Monte Carlo methods for multi-stage stochastic programs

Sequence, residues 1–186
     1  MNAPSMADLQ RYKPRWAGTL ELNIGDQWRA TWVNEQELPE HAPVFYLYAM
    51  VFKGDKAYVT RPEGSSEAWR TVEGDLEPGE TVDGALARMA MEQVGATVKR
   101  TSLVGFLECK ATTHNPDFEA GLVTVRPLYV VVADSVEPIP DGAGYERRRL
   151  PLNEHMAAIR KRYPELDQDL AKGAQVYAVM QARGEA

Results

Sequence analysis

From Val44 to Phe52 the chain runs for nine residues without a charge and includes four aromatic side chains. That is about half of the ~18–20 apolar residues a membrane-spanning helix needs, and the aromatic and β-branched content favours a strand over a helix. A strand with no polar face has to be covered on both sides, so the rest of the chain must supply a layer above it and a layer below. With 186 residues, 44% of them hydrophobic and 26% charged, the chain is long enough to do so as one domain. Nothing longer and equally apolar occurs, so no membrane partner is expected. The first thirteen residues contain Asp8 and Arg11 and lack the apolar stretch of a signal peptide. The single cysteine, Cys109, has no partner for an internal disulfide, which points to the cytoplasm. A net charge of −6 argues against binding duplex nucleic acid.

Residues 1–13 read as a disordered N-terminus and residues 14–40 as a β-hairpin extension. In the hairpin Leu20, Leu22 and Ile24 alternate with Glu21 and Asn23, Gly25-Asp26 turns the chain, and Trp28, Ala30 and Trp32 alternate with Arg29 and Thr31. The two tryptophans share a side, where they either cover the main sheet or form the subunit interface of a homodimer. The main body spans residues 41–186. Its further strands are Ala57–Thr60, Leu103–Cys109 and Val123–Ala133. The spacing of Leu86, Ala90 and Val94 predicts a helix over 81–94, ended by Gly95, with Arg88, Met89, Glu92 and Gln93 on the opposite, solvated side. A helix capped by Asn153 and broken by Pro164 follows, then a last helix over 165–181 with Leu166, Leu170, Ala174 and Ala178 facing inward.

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Stochastic programming is a natural and powerful extension of deterministic mathematical programming, and it is effectively utilized for analyzing optimization problems when the problem’s parameters are not known with certainty. These uncertain parameters are treated as a random vector with a known distribution in the stochastic programming framework. Typically, the size of stochastic programming models is large due to the number of dimensions and realizations of the random vector. With recent advances in optimization algorithms and computing technology, an increasing number of realistically-sized two- and multi-stage stochastic programming models are being successfully formulated and solved. Despite these successes, multi-stage stochastic programs in which the random vector has a large number of dimensions and/or realizations (or is even continuous), still remain a computational challenge primarily because of the exponential growth of the model’s size with respect to the number of stages. In this dissertation, we exploit special structures in order to attack these computationally difficult problems. Our research can be broadly divided into three parts. First, we propose two Monte Carlo sampling-based solution methods for multi-stage stochastic programs. Both methods exploit special structures for a particular class of multi-stage problems, and result in feasible solution policies. These policies have desirable asymptotic properties, but, of course, in practice are generated using finite scenario trees. As a result, in the second part of the dissertation, we develop Monte Carlo techniques to determine the quality of an arbitrary feasible policy. In particular, we build a statistically-based point estimate for a lower bound of the optimal objective function value for a minimization problem, and use it to construct a confidence interval on the solution’s quality. In the third part, we aim to develop procedures to reduce the bias associated with the lower-bound estimator, thereby improving our ability to construct a reasonably tight confidence interval on the solution’s quality. Towards this goal, we vary the number of descendants in the sample tree to reduce the bias in the context of American-style option pricing and stochastic lot sizing. All proposed methodologies are numerically tested on problems from the literature.